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Camino Reflections – Approach to the City

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One of the passages of the Bible that I find most inspiring and encouraging is Hebrews 13:14:

For here we do not have a lasting city, but we are seeking the city which is to come.

Although not everything in life fits smoothly, not everything feels like home, that is only to expected because we’re not meant to be settling here but pressing forward to what lies ahead. Taking on Christian faith means taking on a lifelong pilgrimage; becoming settled inside because we know we are not settled here.

Perhaps that deeply ingrained perspective is why I remain relatively unexcited by arriving at the end of the Camino de Santiago compared to the process of walking and experiencing it. Santiago de Compostela is an old city but it is not a lasting city, any more than mighty London where I live.

Last year, Jane and I turned off early from the route to go and help set up the camp, as we’d already toured the city when we arrived a week before. This year, I kept with the main team interested to see just how long it would be before the spires of the cathedral hove into view.

It turned out that the answer was a very long time. From Monte de Gozo, you descend into the suburbs of the city and the markings that have guided the pilgrimage largely dry up. Every now and then a signpost or yellow arrow will be seen but it is confusing, compounded with the return to a large urban setting where the majority of people are going round and round in daily life rather than pressing on to a goal.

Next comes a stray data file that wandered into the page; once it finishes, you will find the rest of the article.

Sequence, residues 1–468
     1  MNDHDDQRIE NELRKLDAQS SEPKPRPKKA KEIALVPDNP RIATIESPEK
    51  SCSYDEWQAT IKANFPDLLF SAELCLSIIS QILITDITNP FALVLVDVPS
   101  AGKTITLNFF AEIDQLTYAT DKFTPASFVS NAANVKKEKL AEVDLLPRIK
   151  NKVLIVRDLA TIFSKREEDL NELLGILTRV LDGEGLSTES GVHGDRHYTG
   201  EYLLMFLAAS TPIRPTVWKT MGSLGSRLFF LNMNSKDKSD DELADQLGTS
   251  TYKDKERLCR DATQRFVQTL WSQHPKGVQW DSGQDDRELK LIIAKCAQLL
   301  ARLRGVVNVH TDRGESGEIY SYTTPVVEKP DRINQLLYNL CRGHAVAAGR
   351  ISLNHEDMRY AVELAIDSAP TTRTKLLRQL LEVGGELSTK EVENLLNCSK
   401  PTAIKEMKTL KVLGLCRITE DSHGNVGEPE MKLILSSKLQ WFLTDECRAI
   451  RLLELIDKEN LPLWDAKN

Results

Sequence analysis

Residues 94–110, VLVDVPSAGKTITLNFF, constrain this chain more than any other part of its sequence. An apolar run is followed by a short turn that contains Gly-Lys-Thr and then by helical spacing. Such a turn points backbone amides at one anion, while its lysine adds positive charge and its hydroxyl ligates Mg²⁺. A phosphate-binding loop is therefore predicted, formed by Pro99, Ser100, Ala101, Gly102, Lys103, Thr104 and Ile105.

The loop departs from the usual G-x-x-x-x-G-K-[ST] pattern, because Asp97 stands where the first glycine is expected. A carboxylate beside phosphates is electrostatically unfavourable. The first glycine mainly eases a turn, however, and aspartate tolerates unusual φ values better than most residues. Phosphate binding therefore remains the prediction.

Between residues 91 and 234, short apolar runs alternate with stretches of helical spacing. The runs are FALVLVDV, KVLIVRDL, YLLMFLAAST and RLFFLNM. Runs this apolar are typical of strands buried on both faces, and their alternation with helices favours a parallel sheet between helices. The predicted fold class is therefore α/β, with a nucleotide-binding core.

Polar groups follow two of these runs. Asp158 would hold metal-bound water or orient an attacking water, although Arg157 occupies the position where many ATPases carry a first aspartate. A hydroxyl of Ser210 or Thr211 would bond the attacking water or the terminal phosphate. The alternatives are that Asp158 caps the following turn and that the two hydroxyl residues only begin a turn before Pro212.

Eventually, as you walk down Rua de San Pedro, the spires finally become visible, only to disappear again a few steps later. Frustration on frustration! However, while I would be all in favour of the city fathers laying a yellow brick road to guide pilgrims on the last stretch, there is perhaps a certain value in the way it is laid out.

When you finally reach the old city, it is a beautiful contrast with what you have endured. Eventually, rounding the last corner, the sight of the suddenly-revealed cathedral is a welcome relief. In the journeying of life’s pilgrimage, press on, press on and do not lose heart; the night might seem darkest just before glorious dawn emblazons the sky. The lasting city cannot always be kept in sight but every step keeping the goal in mind brings it closer.

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